Chimpu, the young monkey was known to be a troublemaker. He would never miss an opportunity to play tricks on others or make fun of them. He would trip Tinu rabbit’s kids when they hopped around and snatch food from Binky squirrel’s young ones.
Chimpu’s mother constantly received complaints from all the animals. She tried telling that if he rubbed everyone on the wrong side, he might get into trouble someday. But Chimpu did not listen to his mother. He continued to come up with new ways to annoy the animals in the neighbourhood.
One day, Monu deer was sitting outside his house and eating a guava. Chimpu noticed him from up a tree nearby and had an idea to annoy Pinku. He tip-toed up to Monu, snatched the guava and rushed back up the tree.
“Give me back my guava!” cried Monu.
On hearing him cry, his mother Dina rushed out to see what had happened. When she saw Chimpu up on the tree with Monu’s guava, she understood.
“Chimpu! Return the guava to Pinku right away,” said Dina sternly.
Chimpu laughed and continued to eat the guava. This angered Dina.
“That’s it! I’ve had enough of his antics. Everyone in this neighbourhood is also fed up of his behaviour. Let me teach him a lesson,” Dina thought to herself and went back inside along with Pinku.
A couple of days later, Chimpu was playing near a tree when Dina quietly came up from behind and caught him. Chimpu was taken by surprise. Dina swiftly carried him deep into the forest.
“What are you doing, Aunt Dina? Where are you taking me?” asked Chimpu, struggling to escape from her grip.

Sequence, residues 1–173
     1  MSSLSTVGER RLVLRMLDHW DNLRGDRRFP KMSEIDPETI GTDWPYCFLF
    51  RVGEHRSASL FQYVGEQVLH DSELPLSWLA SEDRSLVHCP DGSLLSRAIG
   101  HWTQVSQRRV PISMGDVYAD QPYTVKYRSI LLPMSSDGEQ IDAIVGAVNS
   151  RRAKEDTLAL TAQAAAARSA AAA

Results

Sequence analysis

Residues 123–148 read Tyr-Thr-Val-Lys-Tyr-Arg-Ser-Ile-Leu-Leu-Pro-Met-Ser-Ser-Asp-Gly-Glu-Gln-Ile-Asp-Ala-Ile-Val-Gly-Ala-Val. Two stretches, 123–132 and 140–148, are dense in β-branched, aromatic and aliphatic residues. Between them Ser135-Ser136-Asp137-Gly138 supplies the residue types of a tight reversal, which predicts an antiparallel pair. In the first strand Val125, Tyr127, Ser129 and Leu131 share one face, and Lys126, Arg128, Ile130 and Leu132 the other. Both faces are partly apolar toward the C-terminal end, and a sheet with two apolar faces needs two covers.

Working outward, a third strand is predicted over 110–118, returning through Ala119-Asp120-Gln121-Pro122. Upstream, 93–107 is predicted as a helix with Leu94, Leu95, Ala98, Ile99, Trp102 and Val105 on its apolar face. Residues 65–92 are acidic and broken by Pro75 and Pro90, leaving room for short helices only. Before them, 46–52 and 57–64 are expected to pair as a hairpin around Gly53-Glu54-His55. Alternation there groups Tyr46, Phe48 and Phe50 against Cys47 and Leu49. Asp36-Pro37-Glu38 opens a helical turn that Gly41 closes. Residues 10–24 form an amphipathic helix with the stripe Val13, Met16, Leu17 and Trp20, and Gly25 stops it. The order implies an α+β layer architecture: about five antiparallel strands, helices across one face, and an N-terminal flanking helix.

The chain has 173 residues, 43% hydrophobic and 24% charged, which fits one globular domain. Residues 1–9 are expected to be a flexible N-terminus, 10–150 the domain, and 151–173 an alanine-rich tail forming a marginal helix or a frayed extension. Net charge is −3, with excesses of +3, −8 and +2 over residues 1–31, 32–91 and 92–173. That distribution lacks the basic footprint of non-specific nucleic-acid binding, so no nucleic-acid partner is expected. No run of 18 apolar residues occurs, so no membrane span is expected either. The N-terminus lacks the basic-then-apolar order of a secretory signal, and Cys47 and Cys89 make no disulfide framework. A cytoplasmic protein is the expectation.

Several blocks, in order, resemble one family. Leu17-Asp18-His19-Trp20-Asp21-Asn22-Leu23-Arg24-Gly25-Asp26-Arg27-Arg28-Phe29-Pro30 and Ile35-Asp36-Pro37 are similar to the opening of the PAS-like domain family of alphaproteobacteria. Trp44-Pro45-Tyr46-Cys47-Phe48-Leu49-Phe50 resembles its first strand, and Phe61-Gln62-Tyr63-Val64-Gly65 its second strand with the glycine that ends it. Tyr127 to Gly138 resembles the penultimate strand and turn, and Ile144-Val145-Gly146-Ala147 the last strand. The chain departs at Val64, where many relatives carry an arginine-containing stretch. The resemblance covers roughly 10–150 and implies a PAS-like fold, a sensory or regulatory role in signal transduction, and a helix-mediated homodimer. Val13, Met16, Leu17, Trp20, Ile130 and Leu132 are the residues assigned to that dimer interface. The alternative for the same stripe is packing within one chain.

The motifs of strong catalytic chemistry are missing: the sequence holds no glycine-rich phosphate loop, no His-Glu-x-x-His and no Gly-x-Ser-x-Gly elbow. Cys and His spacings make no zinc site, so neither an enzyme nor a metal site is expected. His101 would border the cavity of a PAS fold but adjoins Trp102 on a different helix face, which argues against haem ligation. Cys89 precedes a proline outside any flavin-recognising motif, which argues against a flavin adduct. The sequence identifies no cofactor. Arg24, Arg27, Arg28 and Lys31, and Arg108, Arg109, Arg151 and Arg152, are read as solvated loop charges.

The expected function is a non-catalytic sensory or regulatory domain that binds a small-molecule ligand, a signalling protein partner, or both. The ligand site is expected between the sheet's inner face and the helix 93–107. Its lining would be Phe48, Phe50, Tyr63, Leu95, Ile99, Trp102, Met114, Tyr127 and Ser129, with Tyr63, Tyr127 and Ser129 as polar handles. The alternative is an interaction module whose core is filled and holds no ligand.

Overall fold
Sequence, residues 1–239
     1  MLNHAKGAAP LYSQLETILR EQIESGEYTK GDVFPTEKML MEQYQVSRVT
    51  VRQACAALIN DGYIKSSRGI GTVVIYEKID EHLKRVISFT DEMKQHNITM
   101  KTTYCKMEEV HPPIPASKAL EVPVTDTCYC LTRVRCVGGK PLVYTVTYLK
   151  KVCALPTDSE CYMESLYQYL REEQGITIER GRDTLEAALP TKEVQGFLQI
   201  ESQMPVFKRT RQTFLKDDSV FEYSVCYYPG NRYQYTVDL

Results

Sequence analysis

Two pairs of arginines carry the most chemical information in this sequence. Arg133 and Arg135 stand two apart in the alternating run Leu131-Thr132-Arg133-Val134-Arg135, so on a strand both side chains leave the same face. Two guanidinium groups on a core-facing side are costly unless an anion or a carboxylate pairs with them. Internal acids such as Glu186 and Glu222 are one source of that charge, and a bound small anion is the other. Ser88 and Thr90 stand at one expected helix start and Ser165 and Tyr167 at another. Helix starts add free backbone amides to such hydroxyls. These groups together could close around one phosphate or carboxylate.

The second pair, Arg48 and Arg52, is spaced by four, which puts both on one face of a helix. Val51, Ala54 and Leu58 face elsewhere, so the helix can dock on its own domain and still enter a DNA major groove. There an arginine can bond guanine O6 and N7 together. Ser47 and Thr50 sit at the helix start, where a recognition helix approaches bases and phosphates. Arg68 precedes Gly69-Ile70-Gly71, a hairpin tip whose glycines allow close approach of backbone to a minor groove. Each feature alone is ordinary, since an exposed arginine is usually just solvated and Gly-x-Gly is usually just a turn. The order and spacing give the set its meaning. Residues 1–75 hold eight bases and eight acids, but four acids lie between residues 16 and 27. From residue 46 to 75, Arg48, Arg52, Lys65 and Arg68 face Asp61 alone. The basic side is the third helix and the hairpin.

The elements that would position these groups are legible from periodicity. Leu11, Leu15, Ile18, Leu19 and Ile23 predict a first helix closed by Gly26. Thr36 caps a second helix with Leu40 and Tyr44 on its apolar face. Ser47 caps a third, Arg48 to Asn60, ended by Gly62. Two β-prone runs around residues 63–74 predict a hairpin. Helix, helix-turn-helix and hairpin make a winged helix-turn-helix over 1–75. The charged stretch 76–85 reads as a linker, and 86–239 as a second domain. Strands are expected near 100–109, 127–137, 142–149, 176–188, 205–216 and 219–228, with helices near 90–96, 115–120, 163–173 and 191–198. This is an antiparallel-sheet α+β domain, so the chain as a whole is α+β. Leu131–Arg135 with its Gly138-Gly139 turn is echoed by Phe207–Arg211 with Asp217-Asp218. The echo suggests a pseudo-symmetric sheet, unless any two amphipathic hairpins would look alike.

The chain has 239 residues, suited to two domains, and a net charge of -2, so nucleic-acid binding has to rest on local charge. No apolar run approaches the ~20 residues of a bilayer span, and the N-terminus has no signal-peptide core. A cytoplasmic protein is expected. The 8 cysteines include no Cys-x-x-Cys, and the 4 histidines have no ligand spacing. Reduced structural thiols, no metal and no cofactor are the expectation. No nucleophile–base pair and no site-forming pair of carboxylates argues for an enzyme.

“Stay quiet, you naughty monkey! It’s high time someone taught you a lesson and I am doing just that!” said Dina.
Dina walked quite a distance into the forest and tied Chimpu to a tree.
“You can stay here till you learn how to behave,” said Dina, turning to walk away.
“Aunty, wait! Please don’t leave me here. I am scared!” cried Chimpu. “I promise not to play pranks on anyone anymore. Please take me back to my mother.”
Dina turned a deaf ear to his pleas and walked away.
Chimpu continued to cry for help, but no one could hear him. Gradually, darkness fell. Chimpu was scared and tired from all the struggling and screaming.
Suddenly, Chimpu heard some footsteps. He became scared. Sheru tiger stepped out from amid the bushes. Everyone in the forest was afraid of him.
“Please don’t eat me, Uncle Sheru!” cried Chimpu. “I am sorry for all that I’ve done. I promise not to trouble anyone anymore.”
“What do you mean?” asked Sheru puzzled. He was surprised to see Chimpu tied to a tree in the middle of a forest. He immediately freed him and said, “I came here because I heard someone crying. What happened? Who tied you up?”
Chimpu narrated everything to him. Sheru became angry.
“Come with me!” he said, dragging Chimpu along to Dina’s house.
Dina was surprised to see Sheru at the door. She became nervous when she saw Chimpu along with him.
“Is this any way to treat a child?” roared Sheru. “Whatever he may have done, you could have explained his mistake to him in a nice way. How would you feel if someone punished your child this way?”
Dina hung her head in shame.
Sheru calmed down a bit and said, “What you did was irrational. If something had happened to him, imagine his parents’ plight. There are ways of dealing with a problematic child. Inducing fear is certainly not a solution.”
“Forgive me, Sheru. I was acting out of impulse and anger. He is a child and I should have treated him like one,” said Dina. She turned to Chimpu and said, “I am sorry, Chimpu. I didn’t mean to scare you. I just wanted you to learn that what you did was wrong and I explained that to you nicely.”
“It is okay, Aunt Dina. I know I pushed you to do this. I need to change my behaviour and I promise to do it,” said Chimpu smiling.
That day on, Chimpu stuck to his promise and everyone was happy for him.